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The aim of this study was to review current epidemiological data on the use of antidepressants in co-prescription with other psychotropic drugs in children and adolescents, as well as available eﬃcacy and safety information. A Medline search from inception until February 2012 was performed to identify epidemiological and clinical studies, reviews and reports containing potentially relevant information on polypharmacy with antidepressants in young people. There has been an increase in polypharmacy in children and adolescents involving antidepressants in recent years. Antidepressants have become one of the drug classes most frequently prescribed in combination and are commonly co-prescribed with stimulants and antipsychotics. Most information regarding eﬃcacy and safety of polypharmacy patterns was provided by case series and open-label studies. Eﬃcacy studies gave some support for the use of a combination of antidepressants and antipsychotics in the management of refractory obsessive–compulsive disorder and some residual symptoms in major depressive disorder. Even less empirical support was found for a combination of stimulants and antidepressants in co-morbid attention deﬁcit hyperactivity disorder and mood or anxiety disorders. Adverse events were similar to those found with individual medication groups, with severe adverse events mostly reported by individual case reports. The use of polypharmacy with antidepressants has become a regular practice in clinical settings. Although there is still little eﬃcacy and safety information, preliminary evidence points to the potential clinical usefulness of some polypharmacy patterns. Further research on patients with co-morbidities or more severe conditions is needed, in order to improve knowledge of this issue.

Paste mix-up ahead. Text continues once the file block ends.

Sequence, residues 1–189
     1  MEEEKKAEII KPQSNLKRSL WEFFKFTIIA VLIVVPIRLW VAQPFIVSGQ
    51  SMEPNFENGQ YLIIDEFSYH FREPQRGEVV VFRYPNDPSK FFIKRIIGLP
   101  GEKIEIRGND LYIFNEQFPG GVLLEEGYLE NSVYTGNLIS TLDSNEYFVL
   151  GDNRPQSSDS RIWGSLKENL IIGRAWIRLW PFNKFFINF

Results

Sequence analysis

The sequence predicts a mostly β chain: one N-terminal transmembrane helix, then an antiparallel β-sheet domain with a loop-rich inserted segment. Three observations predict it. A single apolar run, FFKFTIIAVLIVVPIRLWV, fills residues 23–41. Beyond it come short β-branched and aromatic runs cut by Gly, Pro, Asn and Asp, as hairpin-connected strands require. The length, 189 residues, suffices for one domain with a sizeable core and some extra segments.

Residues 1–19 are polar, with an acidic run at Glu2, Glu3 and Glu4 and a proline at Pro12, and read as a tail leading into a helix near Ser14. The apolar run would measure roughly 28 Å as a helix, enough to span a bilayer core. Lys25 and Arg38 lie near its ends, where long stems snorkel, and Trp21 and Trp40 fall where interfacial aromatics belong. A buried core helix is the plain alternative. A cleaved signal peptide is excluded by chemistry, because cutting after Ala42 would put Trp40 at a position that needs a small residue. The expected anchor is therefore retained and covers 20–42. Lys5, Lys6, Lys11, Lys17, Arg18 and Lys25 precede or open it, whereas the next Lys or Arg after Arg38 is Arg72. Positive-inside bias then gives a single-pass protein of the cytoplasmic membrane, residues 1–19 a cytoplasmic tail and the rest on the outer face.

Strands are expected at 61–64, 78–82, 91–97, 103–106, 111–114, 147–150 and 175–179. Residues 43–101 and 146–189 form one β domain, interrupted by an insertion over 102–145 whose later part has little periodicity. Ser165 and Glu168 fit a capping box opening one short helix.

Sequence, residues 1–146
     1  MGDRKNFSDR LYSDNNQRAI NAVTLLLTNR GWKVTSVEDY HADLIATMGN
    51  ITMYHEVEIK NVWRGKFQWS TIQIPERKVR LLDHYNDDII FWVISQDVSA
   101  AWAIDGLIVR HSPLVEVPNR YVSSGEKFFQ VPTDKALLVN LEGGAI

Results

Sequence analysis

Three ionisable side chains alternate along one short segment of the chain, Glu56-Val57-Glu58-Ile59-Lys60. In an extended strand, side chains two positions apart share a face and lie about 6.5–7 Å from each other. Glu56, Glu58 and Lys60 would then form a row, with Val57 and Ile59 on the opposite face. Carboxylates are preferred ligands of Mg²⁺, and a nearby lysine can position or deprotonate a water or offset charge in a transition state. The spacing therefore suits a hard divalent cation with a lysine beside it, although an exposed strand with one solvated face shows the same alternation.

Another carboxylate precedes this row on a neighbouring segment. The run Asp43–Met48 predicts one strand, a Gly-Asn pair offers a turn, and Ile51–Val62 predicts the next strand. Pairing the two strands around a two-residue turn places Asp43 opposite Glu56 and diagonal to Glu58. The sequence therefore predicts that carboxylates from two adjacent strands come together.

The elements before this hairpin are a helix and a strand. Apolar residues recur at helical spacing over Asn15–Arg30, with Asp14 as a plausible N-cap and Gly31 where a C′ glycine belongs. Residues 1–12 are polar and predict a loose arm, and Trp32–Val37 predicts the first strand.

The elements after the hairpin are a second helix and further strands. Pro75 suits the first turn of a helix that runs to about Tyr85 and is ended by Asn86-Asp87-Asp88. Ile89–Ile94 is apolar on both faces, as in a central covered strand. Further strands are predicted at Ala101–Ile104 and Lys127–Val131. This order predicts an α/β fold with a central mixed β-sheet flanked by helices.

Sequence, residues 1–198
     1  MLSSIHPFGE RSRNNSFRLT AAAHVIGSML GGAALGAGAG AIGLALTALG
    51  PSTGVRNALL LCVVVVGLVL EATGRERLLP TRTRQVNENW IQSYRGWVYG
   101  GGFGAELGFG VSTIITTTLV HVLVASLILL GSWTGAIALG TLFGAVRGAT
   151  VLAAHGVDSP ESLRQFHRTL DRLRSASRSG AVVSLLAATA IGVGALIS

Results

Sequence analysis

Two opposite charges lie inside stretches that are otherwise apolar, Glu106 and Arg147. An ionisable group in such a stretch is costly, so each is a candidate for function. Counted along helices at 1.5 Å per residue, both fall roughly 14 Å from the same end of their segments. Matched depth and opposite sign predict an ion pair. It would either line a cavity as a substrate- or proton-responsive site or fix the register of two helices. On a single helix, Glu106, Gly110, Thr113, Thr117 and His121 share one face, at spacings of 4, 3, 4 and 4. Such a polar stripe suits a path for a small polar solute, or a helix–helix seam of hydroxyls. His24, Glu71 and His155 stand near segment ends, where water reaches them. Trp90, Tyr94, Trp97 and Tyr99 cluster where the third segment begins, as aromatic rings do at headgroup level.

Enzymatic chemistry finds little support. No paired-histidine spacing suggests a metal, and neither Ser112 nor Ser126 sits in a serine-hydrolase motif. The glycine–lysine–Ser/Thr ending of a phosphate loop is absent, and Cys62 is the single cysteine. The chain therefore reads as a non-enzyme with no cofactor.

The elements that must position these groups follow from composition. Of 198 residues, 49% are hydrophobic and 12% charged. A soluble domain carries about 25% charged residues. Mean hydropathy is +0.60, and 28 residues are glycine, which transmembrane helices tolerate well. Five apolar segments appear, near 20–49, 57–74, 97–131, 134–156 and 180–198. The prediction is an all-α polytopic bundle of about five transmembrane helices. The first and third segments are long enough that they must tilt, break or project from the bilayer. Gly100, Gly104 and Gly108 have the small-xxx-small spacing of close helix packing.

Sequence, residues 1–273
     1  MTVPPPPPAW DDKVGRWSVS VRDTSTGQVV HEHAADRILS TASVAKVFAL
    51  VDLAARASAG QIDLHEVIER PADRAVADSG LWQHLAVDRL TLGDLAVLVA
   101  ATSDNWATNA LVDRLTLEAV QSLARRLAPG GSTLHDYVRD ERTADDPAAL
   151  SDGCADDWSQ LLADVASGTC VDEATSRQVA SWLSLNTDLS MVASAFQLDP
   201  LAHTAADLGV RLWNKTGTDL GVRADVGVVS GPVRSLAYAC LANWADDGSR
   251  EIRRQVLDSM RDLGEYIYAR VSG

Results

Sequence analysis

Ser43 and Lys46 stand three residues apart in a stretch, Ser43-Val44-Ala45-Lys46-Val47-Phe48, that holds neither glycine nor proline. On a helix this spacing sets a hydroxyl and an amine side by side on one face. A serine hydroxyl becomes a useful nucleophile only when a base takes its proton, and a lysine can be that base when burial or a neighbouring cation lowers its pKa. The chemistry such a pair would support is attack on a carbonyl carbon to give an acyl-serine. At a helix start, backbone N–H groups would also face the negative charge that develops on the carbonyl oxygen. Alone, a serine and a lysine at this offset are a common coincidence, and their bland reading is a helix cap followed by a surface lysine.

C. M. Dı´az-Caneja et al. widespread use of combinations of antidepressant and other medications and the potential risks in this vulnerable population justify the study of this practice. The current study aims to review the frequency of use of polypharmacy with antidepressants in children and adolescents, the eﬃcacy data supporting its use and the safety issues associated with it. Method A Medline search from inception until February 2012 was performed using the following key words as search terms : polypharmacy ; antidepressant ; SSRI ; serotonin ; psychotropic ; depression ; paediatric ; child ; adolescent ; multiple ; concomitant and combination as well as the names of all individual antidepressants combined with the main individual compounds of each drug group [antipsychotics, stimulants and mood stabilizers (MSs)]. This search was supplemented by manual review of the reference lists from relevant articles and reviews. Inclusion criteria : all papers providing information on frequency of use of polypharmacy involving antidepressants or assessing or reporting eﬃcacy and/or safety data on combination patterns involving antidepressants in patients aged 0–19 yr were systematically reviewed. Given the expected scarcity of speciﬁc studies on this topic, we decided to perform an exhaustive search of the literature, thus including studies of diﬀering methodological quality. Randomized controlled trials (RCT), naturalistic studies, open trials, chart reviews and case series comprising o4 cases assessing the combination of antidepressants with other psychotropic drugs in paediatric patients were systematically reviewed for eﬃcacy and safety data. Individual case reports on polypharmacy with antidepressants (Alessi and Bos, 1991 ; Bussing and Levin, 1993 ; Budman et al. 1995 ; Burke et al. 1995 ; CruzFlores et al. 1995 ; Daniel et al. 1996 ; Took and Buck, 1996 ; Feeney and Klykylo, 1997 ; Sallee et al. 2000 ; Aldurra and Crayton, 2001 ; Ghaziuddin et al. 2001 ; Padla, 2001 ; Ickowicz, 2002 ; Ercan et al. 2003 ; Pathak et al. 2004 ; George et al. 2005 ; Curtis and Richards, 2007 ; Coskun and Zoroglu, 2008 ; Schertz and Steinberg, 2008 ; Dadic-Hero et al. 2009 ; Ozcan and Selimoglu, 2009 ; Park and Jung, 2010 ; Mahapatra et al. 2011) and case series including